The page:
By Ericka Kamanou-tenta
- 66% of Black borrowers regret taking out student loans
- Young Black adults take on 85% more education debt than their white counterparts
Parallels between student debt and the racial wealth gap are astonishing, leaving many Black student loan borrowers regretting their higher education loans. While 86.6% of Black college students take out federal loans to attend four-year colleges, only 59.9% of white students are impacted by student loan debt. More than half of Black borrowers, 58%, disagree that student loans contribute to racial equality or help them to build wealth, according to the Jim Crow Debt study by The Education Trust.
Why This Matters: An insightful quote by Nelson Mandela states “education is the most powerful weapon which you can use to change the world”. However, in American society, education comes with compromises such as student loan debt, which places a burden on Black students’ success. A large number of Black borrowers are not witnessing “good debt”, according to the study. The problem persists in the corporate world taking into consideration that Black workers are paid 14.9% less than white workers.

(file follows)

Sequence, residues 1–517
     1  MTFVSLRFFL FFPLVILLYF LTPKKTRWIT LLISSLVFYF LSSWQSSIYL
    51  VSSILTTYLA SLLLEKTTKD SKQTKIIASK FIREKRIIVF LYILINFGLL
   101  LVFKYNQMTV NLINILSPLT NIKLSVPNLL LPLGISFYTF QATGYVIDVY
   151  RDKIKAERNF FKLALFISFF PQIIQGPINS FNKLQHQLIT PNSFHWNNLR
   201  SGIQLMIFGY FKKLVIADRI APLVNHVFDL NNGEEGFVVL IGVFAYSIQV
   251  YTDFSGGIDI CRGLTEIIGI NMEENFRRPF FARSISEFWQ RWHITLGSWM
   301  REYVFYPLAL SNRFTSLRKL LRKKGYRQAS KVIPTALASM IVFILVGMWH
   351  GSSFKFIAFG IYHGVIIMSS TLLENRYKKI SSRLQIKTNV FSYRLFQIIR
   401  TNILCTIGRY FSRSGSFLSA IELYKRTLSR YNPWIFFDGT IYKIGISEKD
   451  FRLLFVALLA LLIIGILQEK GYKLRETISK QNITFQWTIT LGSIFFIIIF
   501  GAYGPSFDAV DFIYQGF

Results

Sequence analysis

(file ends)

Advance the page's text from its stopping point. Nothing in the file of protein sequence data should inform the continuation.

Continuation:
Moreover, young Black adults take on 85% more education debt than their white counterparts, and that disparity compounds by 7% each year after the borrowers leave school. The accumulated debt prevents students of color from focusing on their possible financial goals such as buying a home, driving a paid off car or simply investing to work towards building generational wealth.
The abolishment of student debt is a step towards narrowing down the racial wealth gap for young families. According to the Education Department, “fewer than half of all borrowers have paid even $1 toward the principal of their balance five years into repayment”. Lastly, HBCU students are also most likely to be in non-remittance over a 12-year period.
What’s Next: It is clear that the cancellation of up to $50K of student loan debt per borrower would not only bring peace of mind to students of color, but it would also increase the wealth of Black Americans by 40%. It is definitely possible to initiate a positive long-term impact on racial wealth gap by tackling the inequities that hang on to the students’ college debt.
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